I’ve been diagnosed with an illness. Symptoms include: difficulty concentrating, waking up before noon, and an overall lack of desire to do anything that doesn’t involve a hammock, a bathing suit and tropical drink in my hand. I have, what some have determined to be, the dreaded Post-Vacation Blues. They are those sad feelings that set in when you’re forced to trade in flip flops for penny loafers and reenter the so-called “real world.” While there may be no official cure for the Post-Vacation Blues, I’ve written a prescription of tools that can help you feel like your pre-vacation self — just maybe without that golden tan.

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Document Vacation Memories 
I recently returned from two weeks in Australia. As soon as I got home, I began writing everything I could remember down. I wanted to capture as many memories as I could onto paper before they began to fade away. Additionally, I printed out photos from my travels to fill empty frames around my home. Working on these projects allowed me to keep one foot in my travels as the other eased me back into normal life. Plus, it produced a wonderful keepsake that I can revisit and share with loved ones time and time again.

Implement New Things 
Traveling opens our eyes to new experiences, customs, food, dress and decor. After such rich stimulation for our senses, returning to “regular” life can seem boring or uninspired. Did you try a new dish that you absolutely loved? Recreate it for a weekday meal. Fall in love with a style of dress? Pick up a few accessories to bring back with you and incorporate them into your wardrobe. Love the native language? Enroll yourself in a language class. Bringing your travels home allows you to marry your vacation life with your regular one.

Re-establish Routine
If you’re like me, you thrive on routine. Work, work out, and socialize with friends and family. Wash, rinse, repeat. On vacation, no two days tend to look the same, and while variety is the spice of life, re-establishing your routine after a trip can be a great way to ease back into non-vacation mode. Go grocery shopping, unpack, do laundry, set your alarm to make it to that 6 a.m. Pilates class. Fight that inevitable feeling of unsettledness that follows us home from vacation and reestablish a regular schedule.

“Mini Vacations”
Seth Godin has wisely said, “Instead of wondering when your next vacation is, maybe you should set up a life that you don’t need to escape from.”  Vacations are wonderful, but sometimes we can put them on such a high pedestal our so-called “normal” lives pale in comparison. Though we should seize every opportunity to explore the world and take a time out to rest, we shouldn’t forget that there are opportunities in our everyday that can lend themselves to mini vacations: a sunset stroll on the beach, coffee in bed on a lazy Sunday morning, a catnap on a front porch swing, cocktails at a new restaurant downtown. Fill your normal life with little escapes so you don’t have to wait for a big one.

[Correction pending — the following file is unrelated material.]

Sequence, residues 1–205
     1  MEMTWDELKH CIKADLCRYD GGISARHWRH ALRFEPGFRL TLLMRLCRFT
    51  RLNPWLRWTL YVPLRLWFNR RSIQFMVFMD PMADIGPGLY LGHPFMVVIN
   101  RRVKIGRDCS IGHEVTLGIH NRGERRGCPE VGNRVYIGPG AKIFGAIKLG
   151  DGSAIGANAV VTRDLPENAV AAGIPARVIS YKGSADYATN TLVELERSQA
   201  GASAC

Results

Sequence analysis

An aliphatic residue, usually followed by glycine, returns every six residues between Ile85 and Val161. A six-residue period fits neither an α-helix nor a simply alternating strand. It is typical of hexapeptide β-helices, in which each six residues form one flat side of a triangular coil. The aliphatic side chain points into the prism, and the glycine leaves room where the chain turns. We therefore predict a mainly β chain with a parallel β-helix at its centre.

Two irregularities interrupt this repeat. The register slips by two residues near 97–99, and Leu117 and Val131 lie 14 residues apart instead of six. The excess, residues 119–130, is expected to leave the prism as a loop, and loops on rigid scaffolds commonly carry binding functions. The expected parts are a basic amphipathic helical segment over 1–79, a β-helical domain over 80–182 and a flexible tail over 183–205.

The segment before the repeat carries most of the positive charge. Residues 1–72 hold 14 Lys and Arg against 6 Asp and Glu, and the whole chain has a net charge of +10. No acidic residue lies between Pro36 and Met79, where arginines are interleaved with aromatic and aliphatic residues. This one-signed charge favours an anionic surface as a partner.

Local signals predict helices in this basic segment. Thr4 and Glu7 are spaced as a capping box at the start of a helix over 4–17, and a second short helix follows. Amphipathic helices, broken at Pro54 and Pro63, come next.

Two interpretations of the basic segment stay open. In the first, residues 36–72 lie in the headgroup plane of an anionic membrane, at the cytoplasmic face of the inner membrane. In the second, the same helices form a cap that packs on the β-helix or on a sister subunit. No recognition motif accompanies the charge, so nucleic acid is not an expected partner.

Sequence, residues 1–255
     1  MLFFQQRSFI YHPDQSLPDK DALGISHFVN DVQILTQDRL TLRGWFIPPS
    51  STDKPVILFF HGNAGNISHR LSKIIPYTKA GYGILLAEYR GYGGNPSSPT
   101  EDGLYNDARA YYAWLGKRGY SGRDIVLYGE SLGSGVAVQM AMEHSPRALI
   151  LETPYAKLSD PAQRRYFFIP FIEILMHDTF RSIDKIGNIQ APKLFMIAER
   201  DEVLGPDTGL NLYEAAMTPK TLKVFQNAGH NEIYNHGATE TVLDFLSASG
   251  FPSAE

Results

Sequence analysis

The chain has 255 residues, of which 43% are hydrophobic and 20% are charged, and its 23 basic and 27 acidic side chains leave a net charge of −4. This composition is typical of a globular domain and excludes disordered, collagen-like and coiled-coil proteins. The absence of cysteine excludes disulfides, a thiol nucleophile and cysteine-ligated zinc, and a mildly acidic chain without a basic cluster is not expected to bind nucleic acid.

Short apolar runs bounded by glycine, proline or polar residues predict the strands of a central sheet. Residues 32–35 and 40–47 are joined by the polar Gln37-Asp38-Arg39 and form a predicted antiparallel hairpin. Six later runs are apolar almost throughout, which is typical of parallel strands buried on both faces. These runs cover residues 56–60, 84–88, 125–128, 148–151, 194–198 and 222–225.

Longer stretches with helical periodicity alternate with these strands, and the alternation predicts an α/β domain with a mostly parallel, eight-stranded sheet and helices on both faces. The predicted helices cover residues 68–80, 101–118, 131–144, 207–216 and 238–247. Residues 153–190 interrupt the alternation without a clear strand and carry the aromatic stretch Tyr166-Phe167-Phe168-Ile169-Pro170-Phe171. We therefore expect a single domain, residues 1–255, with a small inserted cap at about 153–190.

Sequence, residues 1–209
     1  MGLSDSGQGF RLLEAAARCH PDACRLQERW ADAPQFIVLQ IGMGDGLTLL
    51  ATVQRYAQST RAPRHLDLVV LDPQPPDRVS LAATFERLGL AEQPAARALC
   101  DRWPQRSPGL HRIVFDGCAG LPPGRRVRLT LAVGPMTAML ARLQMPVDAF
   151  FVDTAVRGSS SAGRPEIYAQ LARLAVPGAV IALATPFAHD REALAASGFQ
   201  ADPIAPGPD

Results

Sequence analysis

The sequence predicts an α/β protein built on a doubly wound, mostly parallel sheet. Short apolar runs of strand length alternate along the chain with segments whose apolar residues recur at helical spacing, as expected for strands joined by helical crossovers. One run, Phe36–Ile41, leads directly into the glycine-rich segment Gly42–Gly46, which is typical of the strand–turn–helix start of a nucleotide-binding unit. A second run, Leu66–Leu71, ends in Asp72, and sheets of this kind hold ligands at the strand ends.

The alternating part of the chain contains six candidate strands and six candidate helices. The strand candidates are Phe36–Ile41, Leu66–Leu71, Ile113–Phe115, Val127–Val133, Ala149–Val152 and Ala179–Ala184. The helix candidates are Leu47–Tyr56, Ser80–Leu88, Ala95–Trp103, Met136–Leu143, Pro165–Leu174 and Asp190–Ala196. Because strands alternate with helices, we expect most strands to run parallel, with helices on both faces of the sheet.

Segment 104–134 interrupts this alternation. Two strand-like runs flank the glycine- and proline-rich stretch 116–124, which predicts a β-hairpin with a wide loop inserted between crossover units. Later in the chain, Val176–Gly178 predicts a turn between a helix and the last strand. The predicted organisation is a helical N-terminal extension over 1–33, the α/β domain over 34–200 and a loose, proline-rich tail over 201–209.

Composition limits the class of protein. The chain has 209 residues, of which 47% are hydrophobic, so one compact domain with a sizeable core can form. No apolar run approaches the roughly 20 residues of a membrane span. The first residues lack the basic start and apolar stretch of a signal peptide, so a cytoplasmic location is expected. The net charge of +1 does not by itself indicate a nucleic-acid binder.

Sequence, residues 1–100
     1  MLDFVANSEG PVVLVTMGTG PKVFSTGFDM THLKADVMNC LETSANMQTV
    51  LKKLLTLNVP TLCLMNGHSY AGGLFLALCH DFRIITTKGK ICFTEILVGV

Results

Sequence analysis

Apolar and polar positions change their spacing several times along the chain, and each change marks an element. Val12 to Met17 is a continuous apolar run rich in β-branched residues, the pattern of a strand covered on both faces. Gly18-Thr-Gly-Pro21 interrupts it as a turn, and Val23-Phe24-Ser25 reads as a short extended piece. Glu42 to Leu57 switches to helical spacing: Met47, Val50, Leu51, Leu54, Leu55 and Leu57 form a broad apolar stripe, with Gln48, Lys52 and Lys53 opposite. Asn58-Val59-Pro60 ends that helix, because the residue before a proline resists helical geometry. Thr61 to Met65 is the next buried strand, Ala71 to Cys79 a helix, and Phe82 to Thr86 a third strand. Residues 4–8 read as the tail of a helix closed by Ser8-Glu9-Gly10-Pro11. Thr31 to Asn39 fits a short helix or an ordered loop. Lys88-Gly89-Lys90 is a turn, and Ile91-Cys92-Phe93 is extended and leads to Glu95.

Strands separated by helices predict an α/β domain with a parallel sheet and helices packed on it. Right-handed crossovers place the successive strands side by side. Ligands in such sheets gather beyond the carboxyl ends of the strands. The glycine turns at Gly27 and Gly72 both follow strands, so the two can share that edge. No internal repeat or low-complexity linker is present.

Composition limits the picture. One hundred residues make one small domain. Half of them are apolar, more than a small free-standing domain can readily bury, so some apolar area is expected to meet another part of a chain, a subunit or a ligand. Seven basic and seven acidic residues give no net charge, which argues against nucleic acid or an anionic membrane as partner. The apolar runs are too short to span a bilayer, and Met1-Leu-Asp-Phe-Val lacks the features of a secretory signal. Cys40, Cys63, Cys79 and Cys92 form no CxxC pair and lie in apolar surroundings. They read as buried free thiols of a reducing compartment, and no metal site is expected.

Go Ahead, Plan
My girlfriend once told me that she starts planning her next adventure almost as soon as she returns from her last one. Her strategy seemed excessive at first blush, but when I came back from Down Under, I soon realized the method to her madness. After the trip had come and gone, not only was there was no longer anything on my calendar to look forward to, but I had been bitten by the travel bug and needed to get back out there and explore other parts of the world. Planning a future getaway can appease both needs. A future vacation can give you the motivation to work hard in the interim, so that you can truly enjoy your time away. It can also provide the opportunity to cross another item off of your travel bucket list.

Have you been diagnosed with the Post-Vacation Blues? What’s been your prescription?

Image via Emily Reiter



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  3. Getting back into routine is SO difficult for me after vacation! If I’m in a good workout routine, it’s usually totally shot after a trip. It definitely takes some effort to get back into the swing.

  4. The next month holds a week-long vacation for me, and ironically I find myself already preparing for the return. These words are well stated and apt. First and foremost, enjoy the time you’re away and leave the daily stresses behind. But once those daily routines return, embrace rather than balk against them. Most strikingly, the suggestion to incorporate traditions or new experiences is a wonderful way to immortalize the trip. Recognize how you have been shaped by your experience and weave that into your every day.


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